Lanes 4 and 5 show use of universal loop adapters containing a modified base (uracil) not treated with the cleaving agent USER® (NEB, Ipswich, Mass.) so that no amplification product was observed.
 Lanes 6 and 7 show universal loop adapters treated with USER®, which resulted in amplification products.
 FIGS. 7A and 7B show the results of end-repair and ligation of a mixture of DNA fragments of variable size as described in Example 2 using a 2100 Bioanalyzer (Agilent Technologies, Lexington, Mass.).
 FIG. 7A shows the results obtained when DNA fragments were end-repaired using T4 DNA polymerase in the absence of VENT® polymerase (NEB, Ipswich, Mass.), followed by ligation with T4 DNA ligase. No ligation is detected (Lane 2). Lane 1 is a size marker.
 FIG. 7B shows the results obtained when DNA fragments were end-repaired using T4 DNA polymerase in the presence of VENT® polymerase, followed by ligation with T4 DNA ligase. Efficient ligation is observed (Lanes 2 and 3). Lane 1 is a size marker.
DETAILED DESCRIPTION OF THE EMBODIMENTS
 A loop adapter is provided that is convenient and easy to use for amplifying polynucleotides (double-stranded nucleic acid molecules) in a mixture such as in a library. In one embodiment, the loop adapter does not need to be removed from the reaction mixture even if multiple, enzymatic reaction steps are involved in amplifying a polynucleotide. This makes it possible to perform amplification of a library of polynucleotides in a single vessel. Moreover, it is possible to repair DNA fragments in a library or other preparation prior to amplification as described in U.S. Pat. No. 7,700,283 and U.S. 2006-0177867 and then ligate an adapter to the repaired DNA fragments and amplify the product all in a single tube if desired.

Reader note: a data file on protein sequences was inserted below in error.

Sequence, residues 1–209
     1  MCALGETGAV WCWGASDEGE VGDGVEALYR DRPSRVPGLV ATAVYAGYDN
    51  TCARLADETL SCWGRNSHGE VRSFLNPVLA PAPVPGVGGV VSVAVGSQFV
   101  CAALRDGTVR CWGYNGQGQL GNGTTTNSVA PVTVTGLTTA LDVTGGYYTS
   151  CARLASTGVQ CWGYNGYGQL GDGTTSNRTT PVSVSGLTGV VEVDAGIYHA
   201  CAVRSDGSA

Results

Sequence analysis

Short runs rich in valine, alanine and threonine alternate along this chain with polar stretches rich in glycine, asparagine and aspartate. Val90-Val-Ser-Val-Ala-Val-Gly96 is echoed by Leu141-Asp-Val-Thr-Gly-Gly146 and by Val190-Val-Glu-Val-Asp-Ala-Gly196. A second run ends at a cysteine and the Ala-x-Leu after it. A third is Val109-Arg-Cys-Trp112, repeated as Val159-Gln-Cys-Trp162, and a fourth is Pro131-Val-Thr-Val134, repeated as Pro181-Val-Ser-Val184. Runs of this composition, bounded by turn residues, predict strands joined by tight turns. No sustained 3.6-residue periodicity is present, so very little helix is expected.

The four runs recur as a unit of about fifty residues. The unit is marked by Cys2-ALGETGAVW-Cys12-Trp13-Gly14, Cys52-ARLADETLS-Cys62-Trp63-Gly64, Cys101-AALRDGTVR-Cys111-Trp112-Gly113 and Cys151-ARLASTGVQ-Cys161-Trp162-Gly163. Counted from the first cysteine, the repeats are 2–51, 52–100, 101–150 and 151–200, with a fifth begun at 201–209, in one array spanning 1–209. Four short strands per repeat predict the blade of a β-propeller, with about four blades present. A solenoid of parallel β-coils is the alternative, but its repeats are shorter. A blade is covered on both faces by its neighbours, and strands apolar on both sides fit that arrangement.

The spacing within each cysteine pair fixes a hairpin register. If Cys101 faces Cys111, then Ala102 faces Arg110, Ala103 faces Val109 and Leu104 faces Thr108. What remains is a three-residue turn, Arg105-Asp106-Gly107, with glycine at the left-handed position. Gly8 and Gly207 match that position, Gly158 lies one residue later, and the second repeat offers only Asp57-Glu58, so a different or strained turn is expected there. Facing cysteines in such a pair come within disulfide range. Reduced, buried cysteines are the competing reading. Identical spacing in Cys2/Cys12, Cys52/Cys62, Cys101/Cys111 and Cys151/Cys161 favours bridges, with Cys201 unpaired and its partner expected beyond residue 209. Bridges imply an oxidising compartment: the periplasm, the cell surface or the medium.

In an embodiment of the invention, a loop adapter is preferably a single-stranded oligonucleotide having a size of approximately at least 20 nucleotides, preferably at least 25 nucleotides. The loop adapter may be ligated to a polynucleotide, which may be a double-stranded DNA, double-stranded RNA or a double-stranded DNA/RNA chimera and may contain non-nucleotide components.
 Loop adapters as described herein can be utilized under any condition in which sequencing or amplification or both is desirable. For example, loop adapters described herein can be used to prepare polynucleotide libraries for sequencing reactions.
 Loop adapters may be used in amplification reactions in the presence of detergents such as anionic, cationic, zwitterionic detergents or non-detergent surfactants as well as mixtures including lipids, for example, phospholipids such as 3-[(3-cholamidopropyl)dimethylammonio]-1-propanesulfonate (CHAPS). Loop adapters may be ligated to target polynucleotides such as fragments of DNA in a library.